Chief Justice Wallace Jefferson, a descendant of slaves, broke a key barrier 12½ years ago when he became the first African-American to serve on the Texas Supreme Court.
On Tuesday, Jefferson announced that he will resign from the nine-member court on Oct. 1 to return to private legal practice, where he had established himself as one of the state’s leading appellate lawyers before Gov. Rick Perry appointed him to the Supreme Court in 2001.
Jefferson’s departure, 15 months before his term expires at the end of 2014, will allow Perry to appoint a replacement who will have to begin running almost immediately to prepare for the Republican primaries next March. Perry can elevate a member of the all-Republican court — then appoint that justice’s replacement — or choose a practicing Texas lawyer as chief justice.
Jefferson said Tuesday that his decision to leave office was fueled in part by financial concerns, particularly for his three sons — a college student, a high school senior and an eighth-grader.
“There comes a point, I think, in every family’s life where you have to consider what’s best for your family,” he said. “I hope to provide all I can to make their lives better.”
Jefferson, who established himself as a moderating voice on a conservative court, can expect to be highly recruited by Texas law firms — and he can expect to earn several times his $152,500 annual salary, or $170,500 with a raise that took effect Sunday.
“He will be in demand,” said Tom Phillips, who also returned to private practice after serving as chief justice. “I can’t think of a more outstanding chief justice in Texas history.”
Perry praised Jefferson for his “strong character and unwavering commitment to the rule of law.”
“I was proud to appoint him as the court’s first African-American justice and chief justice. He was and shall remain an inspiration to an entire generation of young men and women across our state,” Perry said.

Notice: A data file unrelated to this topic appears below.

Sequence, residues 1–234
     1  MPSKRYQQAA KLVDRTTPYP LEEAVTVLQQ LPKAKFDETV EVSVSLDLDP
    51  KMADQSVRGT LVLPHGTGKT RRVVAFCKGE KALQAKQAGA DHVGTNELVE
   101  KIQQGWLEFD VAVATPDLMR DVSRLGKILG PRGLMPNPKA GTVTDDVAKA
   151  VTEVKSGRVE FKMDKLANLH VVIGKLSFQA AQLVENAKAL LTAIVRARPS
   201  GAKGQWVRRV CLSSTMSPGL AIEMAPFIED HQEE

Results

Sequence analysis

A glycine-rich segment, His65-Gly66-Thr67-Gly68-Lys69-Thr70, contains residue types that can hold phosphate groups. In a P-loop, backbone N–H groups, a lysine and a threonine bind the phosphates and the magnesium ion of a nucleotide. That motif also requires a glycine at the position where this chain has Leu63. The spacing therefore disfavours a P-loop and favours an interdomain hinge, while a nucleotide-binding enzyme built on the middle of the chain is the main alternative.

In his time on the court, Jefferson was an advocate for several signature causes — making the court more accessible to the public, improving legal representation for low-income Texans and improving the way state judges are selected for office.
Oral arguments before the Supreme Court have been broadcast and archived on the Internet since 2007, and briefs to the court are available online as well. Aided by Justice Nathan Hecht, Jefferson also worked with legislators to ensure that legal aid money continued to flow to veterans, low-income and elderly Texans when normal financial resources dried up.
But Jefferson’s call to scrap the state’s partisan judicial elections — which he called a broken system that rewards or punishes candidates based on party affiliation, not competence — failed to catch hold.
Jefferson said he will take “the next month or so” to weigh his professional options and express his gratitude for the opportunity to serve on the state’s highest civil court.
“What a great country we have where you can be the descendant of a slave and really, in a relatively few generations later, the slave’s descendant is chief justice of Texas,” he said. “It makes me proud to be a Texan and an American.”